The State of the Kansas Judiciary remains underpaid, according to the speech given by Kansas Supreme Court Chief Justice Lawton Nuss on Wednesday afternoon at the Statehouse.
“Even after last year’s two and a half percent increase, over 21 percent is still needed to raise district magistrate judge salaries to market level,” said Nuss. “More than one-fourth of our magistrate judges who responded to the survey have indicated that they are seeking employment outside the judicial branch. The number one reason given, low compensation.”
Judges that deal with criminal cases aren’t doing much better.
“It’s a matter of public record, however, that, even after last year’s increase, today, Kansas district judges, the trial judges in your communities, still rank next to last in the nation for what they get paid,” Nuss said. “Kansas is ahead only of New Mexico.”
Nuss sees the low pay of judicial workers as a danger to the current structure of the judiciary, as statute currently requires at least one judge in every county and there is more than a chance that at some point in the future some rural counties may have no judicial staff other than the judge.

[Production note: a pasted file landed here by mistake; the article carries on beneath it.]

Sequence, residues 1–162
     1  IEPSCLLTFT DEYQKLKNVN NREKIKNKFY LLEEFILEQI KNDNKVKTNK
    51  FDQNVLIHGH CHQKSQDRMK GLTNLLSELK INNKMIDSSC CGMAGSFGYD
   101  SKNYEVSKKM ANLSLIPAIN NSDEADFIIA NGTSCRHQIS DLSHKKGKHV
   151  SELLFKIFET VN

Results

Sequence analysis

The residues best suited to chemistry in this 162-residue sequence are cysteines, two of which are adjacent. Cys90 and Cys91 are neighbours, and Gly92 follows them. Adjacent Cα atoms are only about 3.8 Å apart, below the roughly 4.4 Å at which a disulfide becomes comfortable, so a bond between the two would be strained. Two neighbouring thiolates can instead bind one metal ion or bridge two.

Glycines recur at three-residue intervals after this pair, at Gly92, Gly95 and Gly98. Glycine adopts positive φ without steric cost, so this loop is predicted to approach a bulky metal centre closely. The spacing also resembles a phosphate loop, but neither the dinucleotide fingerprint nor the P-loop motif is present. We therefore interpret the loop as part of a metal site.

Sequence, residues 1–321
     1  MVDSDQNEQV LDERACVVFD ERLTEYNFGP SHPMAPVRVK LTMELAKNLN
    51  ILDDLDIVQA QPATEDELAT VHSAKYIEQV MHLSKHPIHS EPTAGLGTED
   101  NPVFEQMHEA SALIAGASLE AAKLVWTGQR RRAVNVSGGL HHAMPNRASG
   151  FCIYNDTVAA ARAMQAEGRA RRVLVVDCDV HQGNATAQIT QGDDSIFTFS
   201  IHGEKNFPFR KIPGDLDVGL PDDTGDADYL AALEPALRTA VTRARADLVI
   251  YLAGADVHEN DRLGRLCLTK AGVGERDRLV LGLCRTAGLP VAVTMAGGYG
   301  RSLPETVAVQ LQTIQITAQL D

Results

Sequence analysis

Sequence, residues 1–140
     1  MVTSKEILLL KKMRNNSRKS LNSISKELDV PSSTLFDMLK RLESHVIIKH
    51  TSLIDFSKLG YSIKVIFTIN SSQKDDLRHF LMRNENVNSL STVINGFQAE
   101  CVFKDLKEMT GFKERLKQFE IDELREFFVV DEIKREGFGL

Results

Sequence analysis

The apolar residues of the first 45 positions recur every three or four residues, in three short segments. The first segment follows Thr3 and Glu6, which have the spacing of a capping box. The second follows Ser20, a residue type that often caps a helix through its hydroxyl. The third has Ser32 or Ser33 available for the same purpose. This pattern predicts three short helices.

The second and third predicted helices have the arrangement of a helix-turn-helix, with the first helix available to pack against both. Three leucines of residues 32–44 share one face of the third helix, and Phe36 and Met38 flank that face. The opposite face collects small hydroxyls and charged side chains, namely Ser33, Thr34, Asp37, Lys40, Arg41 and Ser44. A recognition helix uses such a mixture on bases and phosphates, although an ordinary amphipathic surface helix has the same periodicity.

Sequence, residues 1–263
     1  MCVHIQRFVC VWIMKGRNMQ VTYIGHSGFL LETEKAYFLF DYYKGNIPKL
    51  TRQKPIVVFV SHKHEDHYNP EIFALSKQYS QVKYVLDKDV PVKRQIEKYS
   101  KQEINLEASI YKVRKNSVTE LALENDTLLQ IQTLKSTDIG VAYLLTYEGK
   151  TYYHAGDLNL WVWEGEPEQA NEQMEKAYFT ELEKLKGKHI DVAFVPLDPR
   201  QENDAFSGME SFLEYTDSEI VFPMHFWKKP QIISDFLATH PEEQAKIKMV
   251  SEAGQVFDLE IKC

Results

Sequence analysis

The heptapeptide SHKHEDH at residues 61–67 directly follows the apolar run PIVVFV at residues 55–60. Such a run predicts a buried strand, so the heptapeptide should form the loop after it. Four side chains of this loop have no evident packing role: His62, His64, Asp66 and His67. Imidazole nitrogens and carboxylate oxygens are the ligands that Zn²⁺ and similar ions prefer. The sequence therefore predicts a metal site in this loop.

“How many judges will be willing to perform all those court functions in those counties, when today many of our magistrate judges already want to leave their existing workloads for higher paying jobs?” asked Nuss. “In light of this reality, an even more important question may arise, do you want to continue to keep at least one judge in each of our 105 counties if we are unable to hire any suitable staff to support them? That’s a policy question for this Legislature to consider. I take no position on it today.”
The Associated Press reported that Governor Brownback’s budget proposal released last week did not include nearly $20 million in additional funds for the judiciary requested for fiscal year 2019.